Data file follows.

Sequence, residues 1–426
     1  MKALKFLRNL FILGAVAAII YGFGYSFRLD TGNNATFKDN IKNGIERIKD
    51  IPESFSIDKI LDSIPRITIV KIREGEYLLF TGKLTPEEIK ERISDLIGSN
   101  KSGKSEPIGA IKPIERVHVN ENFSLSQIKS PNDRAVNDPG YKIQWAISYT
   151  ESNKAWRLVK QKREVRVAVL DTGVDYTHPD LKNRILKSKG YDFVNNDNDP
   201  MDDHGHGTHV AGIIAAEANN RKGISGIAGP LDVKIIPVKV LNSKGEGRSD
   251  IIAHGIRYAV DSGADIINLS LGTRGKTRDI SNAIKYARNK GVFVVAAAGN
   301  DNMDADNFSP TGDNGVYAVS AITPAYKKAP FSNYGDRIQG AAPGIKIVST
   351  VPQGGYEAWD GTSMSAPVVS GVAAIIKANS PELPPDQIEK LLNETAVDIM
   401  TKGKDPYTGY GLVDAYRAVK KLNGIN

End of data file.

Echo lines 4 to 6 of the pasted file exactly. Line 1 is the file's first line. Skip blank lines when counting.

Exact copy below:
   101  KSGKSEPIGA IKPIERVHVN ENFSLSQIKS PNDRAVNDPG YKIQWAISYT
   151  ESNKAWRLVK QKREVRVAVL DTGVDYTHPD LKNRILKSKG YDFVNNDNDP
   201  MDDHGHGTHV AGIIAAEANN RKGISGIAGP LDVKIIPVKV LNSKGEGRSD